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Battle for the Skies, The History of the Royal Air Force, seven VHS videotapes, Superior Home Video, Barrington, Ill., 1998, $99.95.

The Royal Air Force (RAF) is best known for its dogged defense over the skies of Great Britain, but its origins and future are just as important to the history of aviation. The entire history of the RAF is now presented in Battle for the Skies, a seven-volume video series that traces the force from the first reconnaissance planes of World War I to the Persian Gulf War and the future of air power.

The series combines well-researched narration, interviews with veterans and historians, and black-and-white footage as well as color film of antique planes. Each of the seven videos–Useless for the Purposes of War, Under Distant Skies, A Vicious Sting, Strike Hard Strike Sure, By Air By Sea, Supplies from the Skies and The Sky’s the Limit–tells about a different branch of the RAF. And each hour-long video includes “Aircraft of the RAF,” an encyclopedia of planes.

The series provides a wealth of little-known facts about the RAF in the Cold War and the different capacities it served in through major conflicts. In the early 1950s the RAF was stretched so thin that only three Short Sutherland flying boats took part in the Korean War. In the Vietnam War, an RAF Blackburn Beverley supply plane covertly delivered goods to Montagnard tribesmen for a few months. During the 1982 Falkland Islands War, the RAF launched a bomber strike on the Falkland’s Sydney Airfield from the Canary Islands in the Atlantic, the longest bombing strike in the world up to that time.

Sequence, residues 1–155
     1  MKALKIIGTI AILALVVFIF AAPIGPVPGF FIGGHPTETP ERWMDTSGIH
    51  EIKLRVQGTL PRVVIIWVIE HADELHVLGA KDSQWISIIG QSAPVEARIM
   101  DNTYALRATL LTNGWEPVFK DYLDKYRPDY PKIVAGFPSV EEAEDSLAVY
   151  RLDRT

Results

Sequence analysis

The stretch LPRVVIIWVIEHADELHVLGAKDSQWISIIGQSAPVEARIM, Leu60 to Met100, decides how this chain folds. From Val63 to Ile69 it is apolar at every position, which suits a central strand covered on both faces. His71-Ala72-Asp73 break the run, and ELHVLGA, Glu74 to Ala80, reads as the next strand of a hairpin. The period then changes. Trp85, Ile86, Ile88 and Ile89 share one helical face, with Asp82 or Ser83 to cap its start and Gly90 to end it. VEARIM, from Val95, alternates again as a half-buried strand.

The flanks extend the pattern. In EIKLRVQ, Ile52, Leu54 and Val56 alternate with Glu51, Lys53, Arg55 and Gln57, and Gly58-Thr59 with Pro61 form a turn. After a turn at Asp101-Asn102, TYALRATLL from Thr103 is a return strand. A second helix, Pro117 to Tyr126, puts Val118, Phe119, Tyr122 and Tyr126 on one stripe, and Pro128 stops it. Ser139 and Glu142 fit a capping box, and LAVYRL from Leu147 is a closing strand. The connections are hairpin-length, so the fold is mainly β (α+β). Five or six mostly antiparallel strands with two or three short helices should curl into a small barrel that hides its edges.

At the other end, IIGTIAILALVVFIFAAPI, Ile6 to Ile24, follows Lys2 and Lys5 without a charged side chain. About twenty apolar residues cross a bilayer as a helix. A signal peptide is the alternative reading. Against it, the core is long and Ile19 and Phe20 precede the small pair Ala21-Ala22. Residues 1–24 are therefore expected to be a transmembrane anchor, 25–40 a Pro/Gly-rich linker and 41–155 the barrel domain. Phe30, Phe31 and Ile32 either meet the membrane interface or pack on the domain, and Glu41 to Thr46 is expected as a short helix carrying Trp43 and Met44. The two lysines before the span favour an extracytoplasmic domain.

While the series gives an excellent overview of the RAF, some knowledgeable viewers may question a few omissions. Hawker Hurricane fighters are discussed, but their development is not, and the Supermarine Spitfire is treated in the same manner. Handley Page Halifax bombers are all but ignored, and the raid on Dresden–one of the largest of World War II–is not mentioned. The series, however, does bring to light some forgotten events related to the RAF’s role in the Cold War, including the Suez Crisis, the Middle East, Burma and the Falklands War.

The videos also reflect the fortunes of the RAF. In World War I and the beginning of World War II, the RAF was the air power most effective against Germany. When the United States entered World War II, the RAF took a joint, then secondary roll, including American aircraft in its arsenal. In the early days of the Cold War, Britain’s only nuclear delivery system was the American-built Boeing B-29.

The Battle for the Skies series is a must for anyone interested in the RAF and the history of air power. The color footage of collectors flying planes of World War I and World War II vintage gives life to the videos that other documentaries lack.

Kevin M. Hymel